Lesbian, bisexual, queer, and women who identify with a sexual minority identity seek abortion care. The Guttmacher Institute estimates that approximately 5% of abortion patients in the United States identify as lesbian, bisexual, or queer.[54] Studies relying on measures of self-reported abortions suggest that abortion is common across queer women's lives. Bisexual adolescents are more likely to terminate a pregnancy than their heterosexual counterparts, a difference that persists into adulthood.[55][56] Across their lifetimes, women who identify with a sexual minority identity were more likely than heterosexual women to experience an unwanted pregnancy or terminate a pregnancy.[57]

Pregnancy healthcare for lesbian women[edit]

There have been several studies that discuss healthcare experiences of pregnant lesbian women. Larsson and Dykes conducted a study in 2009 about lesbian mothers in Sweden. The participants wanted their healthcare providers to confirm and recognize both parents, not just the biological mother. They also wanted their healthcare providers to ask questions about their "life styles" to demonstrate their openness about sexuality. Most of the women in the study commented that they had good experiences with healthcare. However, birth education tended to focus on mother and father dynamics. The forms that were also used tended to be heterosexist (see Heterosexism), only allowing for mother and father identities.[58] To account for these differences, Singer created a document about how to improve the prenatal care of lesbian women in the United States. She found that curiosity about a patient's sexuality can take over an appointment, sometimes placing the patient into a situation where they end up educating the provider. To be inclusive, Singer recommended that healthcare providers should be more inclusive in their opening discussions by saying "So tell me the story of how you became pregnant". Healthcare providers should, according to Singer, use inclusive language that can be used for all types of patients. Healthcare providers were also not aware of how much reproductive health care cost for lesbian couples and they should openly recognize this issue with their lesbian patients.[59] Pharris, Bucchio, Dotson, and Davidson also provided suggestions on how to support lesbian couples during pregnancy. Childbirth educators should avoid assuming that parents are heterosexual or straight couples. They recommend using neutral language when discussing parent preferences. Forms, applications, and other distributed information should be inclusive of lesbian parents. They suggest using terms such as "non-biological mother, co-parent, social mother, other mother and second female parent" are good examples. Asking parents was also a suggested way to figure out what term should be used. Parents may also need help navigating legal systems in the area.[60]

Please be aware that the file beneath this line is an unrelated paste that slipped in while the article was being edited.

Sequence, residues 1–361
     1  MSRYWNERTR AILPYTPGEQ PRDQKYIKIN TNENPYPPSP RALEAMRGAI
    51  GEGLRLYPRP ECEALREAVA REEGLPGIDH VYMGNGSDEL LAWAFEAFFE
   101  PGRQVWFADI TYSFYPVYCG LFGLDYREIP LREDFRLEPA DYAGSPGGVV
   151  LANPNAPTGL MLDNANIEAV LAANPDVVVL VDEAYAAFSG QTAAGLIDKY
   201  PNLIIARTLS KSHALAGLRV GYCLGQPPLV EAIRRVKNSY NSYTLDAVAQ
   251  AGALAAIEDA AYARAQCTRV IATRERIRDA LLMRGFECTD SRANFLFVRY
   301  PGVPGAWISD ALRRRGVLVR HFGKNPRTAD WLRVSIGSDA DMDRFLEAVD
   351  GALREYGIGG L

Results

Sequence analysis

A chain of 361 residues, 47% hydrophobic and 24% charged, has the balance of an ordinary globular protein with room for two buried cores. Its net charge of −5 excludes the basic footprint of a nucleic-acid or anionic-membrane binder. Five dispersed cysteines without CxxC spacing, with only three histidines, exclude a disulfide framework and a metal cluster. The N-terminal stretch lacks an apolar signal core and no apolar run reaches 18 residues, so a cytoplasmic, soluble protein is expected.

Midwife(wives) and Doula(s) have provided care for lesbian women and couples who are pregnant. In an article in Rewire News, there was a discussion of how midwives and doulas are attempting to improve the overall care of lesbian couples by having specific training based on providing care to these couples as well as having inclusive processes.[61] In a study of lesbian and bisexual women in Canada about using healthcare services, researchers Ross, Steele, and Epstein found that the women in the study loved working with doulas and midwives. Midwives were considered helpful advocates with other healthcare providers that they encountered.[62] Midwives also discuss their perspectives. Röndahl, Bruhner, and Lindhe conducted a study in 2009 about lesbian pregnancy experiences of women in Norway. They found that midwives were the ones who were responsible for creating a space to discuss sexuality. However, midwives in the study felt that they were inadequate about having the communication tools to create this space. Additionally, the researchers found that lesbian couples were seen as different compared to straight couples. The partners have a sense of both love and friendship. Their differences were also seen when trying to find the roles for the lesbian co-mothers (non-biological mothers), as the language and questions asked did not fit their roles. Finally, the researchers found that there needed to be a balance of asking questions and being overly assertive. Midwives could ask questions about the patients' sexuality, but asking too many questions caused discomfort in the patients.[63]